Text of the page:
Book Club

SJM, WYD? Part three: So what?

Grace Schutte

More stories from Grace Schutte

Book Club
October 28, 2021
Its+book+club%2C+grab+some+popcorn+and+enjoy

It’s book club, grab some popcorn and enjoy

Welcome back to the third and — hopefully — the final installment of SJM, WYD? This is the series where we explore the ever-tumultuous, scalding tea that is the controversy surrounding Sarah J Maas and her books. 

Here you can find a link to part one and two that precede this finale for context — that is, if you haven’t been following along attentively this whole time. 

Today we will be looking at the conversation as a whole and come to a somewhat concluded thought as we finally lay this whole debacle to rest and move on with our lives. 

So here goes SJM, WYD? part three.

OK… so what?

The conversation, I’m afraid, is a very scattered one, ranging across social media’s most infamous gang: the Triple T’s, TikTok, Twitter and Tumblr.

One argument — and a popular one, at that — is that as a bookish society, we should stop reading Maas’ works altogether. Stop buying the new releases and merch — you know what, go ahead and burn the ones you already have, they’re not even worth it. 

Fine, maybe not that extreme, but the concept of refusing to support and perpetuate the harmful ideals Maas depicts in her writing has grown a lot of support in recent months. 

Start any conversation with one of these belief holders and get ready for Maas slander.

Isn’t she a Zionist, though? 

I don’t want to dedicate too much time to the question of Is-Sarah-A-Zionist-Or-Not? because, frankly, this one is a little out of pocket, if you can believe that. 

The research I’ve conducted — that’s right, I’m researching for this — has shown the argument itself is facetious. 

Here are three important points to note about this claim: 

  • This accusation came shortly after Israel’s bombing of Palestine. Some critiques believe tagging Maas as a zionist was used to add fuel to the already smoldering fire surrounding her reputation. 
  • There seems to be a lot of confusion and conflicting ideas throughout videos and comment sections surrounding what it means to be “Zionist” in the first place. 
  • Maas hasn’t openly stated her political position and personal beliefs (beyond her Jewish faith and heritage) to the public.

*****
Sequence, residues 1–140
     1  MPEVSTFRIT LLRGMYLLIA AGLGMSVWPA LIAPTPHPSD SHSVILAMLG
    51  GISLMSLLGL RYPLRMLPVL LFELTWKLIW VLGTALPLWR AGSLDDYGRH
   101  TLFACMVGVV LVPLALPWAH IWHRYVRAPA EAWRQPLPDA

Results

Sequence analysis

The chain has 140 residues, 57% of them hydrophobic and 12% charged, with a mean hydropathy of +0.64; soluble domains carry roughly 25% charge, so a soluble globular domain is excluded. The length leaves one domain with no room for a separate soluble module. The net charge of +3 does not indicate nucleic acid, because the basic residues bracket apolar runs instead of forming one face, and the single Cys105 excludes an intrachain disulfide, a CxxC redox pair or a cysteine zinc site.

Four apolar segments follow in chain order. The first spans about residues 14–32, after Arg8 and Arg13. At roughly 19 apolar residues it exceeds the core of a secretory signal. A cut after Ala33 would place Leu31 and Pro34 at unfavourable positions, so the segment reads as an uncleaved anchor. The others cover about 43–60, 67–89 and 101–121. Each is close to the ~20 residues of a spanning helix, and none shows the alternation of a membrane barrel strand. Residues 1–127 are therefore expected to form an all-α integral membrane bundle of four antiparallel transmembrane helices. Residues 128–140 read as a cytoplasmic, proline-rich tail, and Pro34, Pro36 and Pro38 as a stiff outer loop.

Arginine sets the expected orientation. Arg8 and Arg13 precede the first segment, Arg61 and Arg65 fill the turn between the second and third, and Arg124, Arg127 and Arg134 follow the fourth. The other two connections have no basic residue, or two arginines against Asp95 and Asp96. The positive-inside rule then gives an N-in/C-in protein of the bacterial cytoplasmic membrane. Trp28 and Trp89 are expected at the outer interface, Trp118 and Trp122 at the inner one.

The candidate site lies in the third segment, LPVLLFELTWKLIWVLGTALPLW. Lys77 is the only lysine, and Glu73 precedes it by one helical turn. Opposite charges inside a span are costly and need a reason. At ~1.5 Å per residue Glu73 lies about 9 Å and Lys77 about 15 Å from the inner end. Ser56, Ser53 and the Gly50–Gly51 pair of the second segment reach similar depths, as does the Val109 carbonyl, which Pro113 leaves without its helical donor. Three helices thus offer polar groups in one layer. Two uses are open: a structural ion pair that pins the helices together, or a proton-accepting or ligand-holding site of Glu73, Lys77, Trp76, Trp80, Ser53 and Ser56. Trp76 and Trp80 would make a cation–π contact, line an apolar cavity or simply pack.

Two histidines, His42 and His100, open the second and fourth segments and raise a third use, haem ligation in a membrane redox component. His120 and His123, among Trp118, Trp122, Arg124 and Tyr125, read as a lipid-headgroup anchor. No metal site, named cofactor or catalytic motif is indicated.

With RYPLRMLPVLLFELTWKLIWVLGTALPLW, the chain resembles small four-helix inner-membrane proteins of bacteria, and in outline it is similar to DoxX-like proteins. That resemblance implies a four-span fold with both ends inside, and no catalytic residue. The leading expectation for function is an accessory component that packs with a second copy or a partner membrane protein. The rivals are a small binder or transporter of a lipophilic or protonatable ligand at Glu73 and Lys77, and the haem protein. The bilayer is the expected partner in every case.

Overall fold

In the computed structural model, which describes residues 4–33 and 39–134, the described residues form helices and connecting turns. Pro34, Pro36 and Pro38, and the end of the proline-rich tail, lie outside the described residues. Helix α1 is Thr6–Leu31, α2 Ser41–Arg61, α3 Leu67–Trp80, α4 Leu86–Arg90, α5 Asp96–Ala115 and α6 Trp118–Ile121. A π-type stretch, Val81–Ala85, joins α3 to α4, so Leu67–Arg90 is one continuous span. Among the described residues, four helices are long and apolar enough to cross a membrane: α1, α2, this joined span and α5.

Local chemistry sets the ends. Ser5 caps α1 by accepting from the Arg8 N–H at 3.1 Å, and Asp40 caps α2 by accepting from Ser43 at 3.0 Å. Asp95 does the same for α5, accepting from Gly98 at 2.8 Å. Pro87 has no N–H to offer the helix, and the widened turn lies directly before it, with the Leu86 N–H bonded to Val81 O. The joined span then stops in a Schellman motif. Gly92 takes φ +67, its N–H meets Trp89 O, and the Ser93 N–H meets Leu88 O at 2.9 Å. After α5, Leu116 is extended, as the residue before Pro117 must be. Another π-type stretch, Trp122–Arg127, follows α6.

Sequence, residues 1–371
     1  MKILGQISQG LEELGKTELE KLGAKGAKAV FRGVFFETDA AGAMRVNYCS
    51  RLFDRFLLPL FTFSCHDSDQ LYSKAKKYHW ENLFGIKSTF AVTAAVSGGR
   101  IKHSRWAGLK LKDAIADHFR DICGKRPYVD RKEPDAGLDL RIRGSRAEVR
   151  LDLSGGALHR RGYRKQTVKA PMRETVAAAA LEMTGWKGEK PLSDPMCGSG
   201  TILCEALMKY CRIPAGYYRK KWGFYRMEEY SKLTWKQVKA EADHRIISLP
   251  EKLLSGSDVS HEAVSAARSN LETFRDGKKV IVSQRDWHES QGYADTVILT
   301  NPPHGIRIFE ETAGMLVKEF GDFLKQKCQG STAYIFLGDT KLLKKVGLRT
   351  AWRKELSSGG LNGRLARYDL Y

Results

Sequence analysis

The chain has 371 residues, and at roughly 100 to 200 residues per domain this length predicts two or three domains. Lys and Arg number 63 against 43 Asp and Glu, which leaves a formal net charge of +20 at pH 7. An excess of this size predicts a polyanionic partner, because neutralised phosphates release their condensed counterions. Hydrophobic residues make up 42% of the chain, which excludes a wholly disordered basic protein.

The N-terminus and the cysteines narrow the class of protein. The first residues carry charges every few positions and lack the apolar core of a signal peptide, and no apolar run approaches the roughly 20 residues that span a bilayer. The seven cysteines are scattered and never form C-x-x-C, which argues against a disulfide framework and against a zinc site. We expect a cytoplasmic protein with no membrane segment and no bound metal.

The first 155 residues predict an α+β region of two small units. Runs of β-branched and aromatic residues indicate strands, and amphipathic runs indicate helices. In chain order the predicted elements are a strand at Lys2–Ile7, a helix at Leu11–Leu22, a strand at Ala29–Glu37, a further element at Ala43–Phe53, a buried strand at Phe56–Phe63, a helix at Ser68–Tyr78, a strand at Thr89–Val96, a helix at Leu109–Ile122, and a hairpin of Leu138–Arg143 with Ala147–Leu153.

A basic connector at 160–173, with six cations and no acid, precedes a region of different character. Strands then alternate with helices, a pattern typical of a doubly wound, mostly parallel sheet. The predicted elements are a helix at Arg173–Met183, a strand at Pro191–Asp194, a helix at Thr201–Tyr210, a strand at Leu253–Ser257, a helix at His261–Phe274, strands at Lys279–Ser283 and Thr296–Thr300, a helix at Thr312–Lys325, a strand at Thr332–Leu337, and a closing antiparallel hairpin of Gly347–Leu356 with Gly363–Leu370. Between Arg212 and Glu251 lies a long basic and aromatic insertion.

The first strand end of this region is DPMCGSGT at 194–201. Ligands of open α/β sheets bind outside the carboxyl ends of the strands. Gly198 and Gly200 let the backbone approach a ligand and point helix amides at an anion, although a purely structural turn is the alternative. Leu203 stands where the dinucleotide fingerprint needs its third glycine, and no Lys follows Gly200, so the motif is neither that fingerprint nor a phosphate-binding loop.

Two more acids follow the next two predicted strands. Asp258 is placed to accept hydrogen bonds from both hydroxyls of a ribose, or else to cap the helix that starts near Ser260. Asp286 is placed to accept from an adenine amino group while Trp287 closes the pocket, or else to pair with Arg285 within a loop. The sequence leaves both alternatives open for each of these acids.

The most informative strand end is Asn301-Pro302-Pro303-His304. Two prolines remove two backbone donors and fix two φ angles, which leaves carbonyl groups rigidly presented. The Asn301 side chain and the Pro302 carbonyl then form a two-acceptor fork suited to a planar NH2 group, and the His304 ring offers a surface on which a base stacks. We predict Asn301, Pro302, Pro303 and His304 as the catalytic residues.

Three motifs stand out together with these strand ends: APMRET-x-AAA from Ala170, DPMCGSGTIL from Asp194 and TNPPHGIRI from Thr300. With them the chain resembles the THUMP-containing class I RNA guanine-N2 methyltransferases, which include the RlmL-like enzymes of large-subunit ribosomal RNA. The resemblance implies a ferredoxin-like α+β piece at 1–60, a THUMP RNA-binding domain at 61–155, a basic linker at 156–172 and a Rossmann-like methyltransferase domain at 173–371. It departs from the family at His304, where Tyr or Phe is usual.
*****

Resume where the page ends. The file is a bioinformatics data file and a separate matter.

The claim is speculative. There isn’t much else to say about it.

The “Other” Side

I find myself wanting to say, “On the other side of the political spectrum,” but, I’m not sure that does the complicated structure justice. In reality, this is nearly as, if not more, complicated than the love octagon in “Throne of Glass.” 

This “other side” is essentially a watered-down version of the book burners. They agree Maas has some questionable plot devices and is tone-deaf to how she treats her minority characters but, ultimately, they liked the books, still do and will continue to read them. 

Everyone mutually agrees Maas’ books are problematic in some way, if not entirely. It’s more a debate as to how we, the fandom, should go about life — how do we identify as YA fantasy fans after this? 

My personal opinion 

I’d say I lean away from the fiery rage of the book burners and side closer to the “other side-ers.” 

As much as it pains me to say it — I’m wincing as I write this — I actually liked “Throne of Glass” and “A Court of Thorns and Roses.” I’ve read all 13 books and know what each acronym stands for; “Kingdom of Ash” is the biggest book I’ve ever read, which is just shy of 1,000 pages. 

There’s no going back. 

While this whole ordeal has irrefutably fractured the YA fantasy community, some good has come from all this. 

As a response to the whitewashing and relatively straight narrative Maas and many other mainstream authors like her tend to push, readers began recommending books written by minority authors. 

Suddenly, BookTok was flooded with recommendations written by authors of color that include diverse casts — both in terms of racial and sexual identities, all providing a variety of unique perspectives many had never read from before.  

Here is a small glimpse at a few titles that have been introduced as a result of the Maas scandal: 

I loved Maas’ books once and there is a small part of me that always will, but that does not condone the harmful and insensitive ideas she sustains in her pieces. 

That being said, I would go through it all again, all 7,454-freaking-pages to eventually be led to the books above, to ones that do perpetuate diversity, inclusivity and healthy relationships, too, that make me proud to be a reader and lover of YA. 

Schutte can be reached at [email protected]